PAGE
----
A signal from any of four sources (three thermistors and the potentiometer actuated by the driver’s control dial) was fed into the amplifier where it was multiplied. Amplified voltage was then fed into a transducer – a 10 inch steel tube with a wire filament sensitive to heat. With the amplified voltage causing heat, the filament expanded or contracted depending on changes in temperature caused by the varying voltage. This action caused a needle valve at one end of the transducer to open or close. The valve controlled the amount of engine vacuum to apply to the servo, opening or closing the air door of the heater/air conditioner. The same servo controlled blower speed and shut off water flow to the heater coil when desired temperature was reached.
Whilst both Chrysler and Lincoln offered similar setups on their Imperial and Continental, the Cadillac system was more advanced, simpler to operate and more effective. The system was copied by various makes around the world, like many Cadillac innovations, and was so well engineered that many are still running today with nothing more than a regular service and a top up of gas. And if the fussiest of buyers still weren’t convinced of the system’s ability to keep them comfortable, in 1966 Cadillac offered one of the industry’s first electronic seat warmers for front passengers (and rears too in the Fleetwood 75 limousine)
Cadillac truly pampered its’ customers, not even asking of them that they break in their new purchase. All cars were thoroughly road tested prior to delivery, with engines run on a dynamometer under load for several hours while transmissions, brakes, alternators and rear drive components were run-in prior to final assembly. Before handing over the keys, all a dealer had to do was peel off the protective coating on the whitewall tyres. It was little wonder Cadillac had the highest rate of owner loyalty in the industry.
By refusing to change their styling drastically (note the slow, yearly minimising of the tail fin from the peak of 1959 to their disappearance in 1965) the resale value was kept high, so that purchasers of a new car would also get the highest resale value of any American car. Larger dealerships often had waiting lists for two and three year old trade-ins, such was the desire among Americans to be seen to be successful.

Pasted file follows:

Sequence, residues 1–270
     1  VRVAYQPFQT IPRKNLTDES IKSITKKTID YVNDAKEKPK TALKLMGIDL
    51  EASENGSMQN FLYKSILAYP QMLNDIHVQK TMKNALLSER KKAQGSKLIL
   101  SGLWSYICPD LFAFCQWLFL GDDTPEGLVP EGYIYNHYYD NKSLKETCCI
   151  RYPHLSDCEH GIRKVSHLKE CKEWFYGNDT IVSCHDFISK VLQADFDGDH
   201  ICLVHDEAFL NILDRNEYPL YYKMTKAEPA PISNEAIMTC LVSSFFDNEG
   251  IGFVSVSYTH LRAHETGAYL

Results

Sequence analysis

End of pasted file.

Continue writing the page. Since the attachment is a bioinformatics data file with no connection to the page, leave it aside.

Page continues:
Innovation continued through the late 1960s, Cadillac introducing fiber optics for the monitoring of all external lights (as did the 1968 Corvette), magnetic shock absorbers in the rear that provided load leveling, and in the new Eldorado coupe – front wheel drive. Again, this innovation was first tried with Oldsmobile acting as a test bed, their Toronado front wheel drive coupe introduced a year earlier. When the system proved not only reliable but popular – Cadillac had no qualms about introducing their first ever front wheel drive. The all new Eldorado was an instant hit, and with no driveshaft hump was a genuine six-seater, even if head and legroom in the rear left a lot to be desired. With 472 cubic inches connected to a turbo-hydramatic transmission via a chain drive, the car was swift and stable...provided one adhered to the specified tyre pressures.
The 1967 Eldorado is arguably the most intricately styled automobile ever manufactured on a standard production line. The elaborate, razor sharp front and rear quarter panels were at the cutting edge of what was possible with standard manufacturing technologies. There is an apocryphal story about Chrysler purchasing an Eldorado to tear down, their styling team so impressed by the intricate panel pressings that they deemed some of the Eldorado had to have been made by hand. Chrysler simply did not have the technology to press such finely sculpted panels. Neither did anyone else. Cadillac was not only the ‘standard of the world’ as their ads liked to boast, it was the pinnacle of achievement for possibly the mightiest manufacturing enterprise the world had ever seen – General Motors.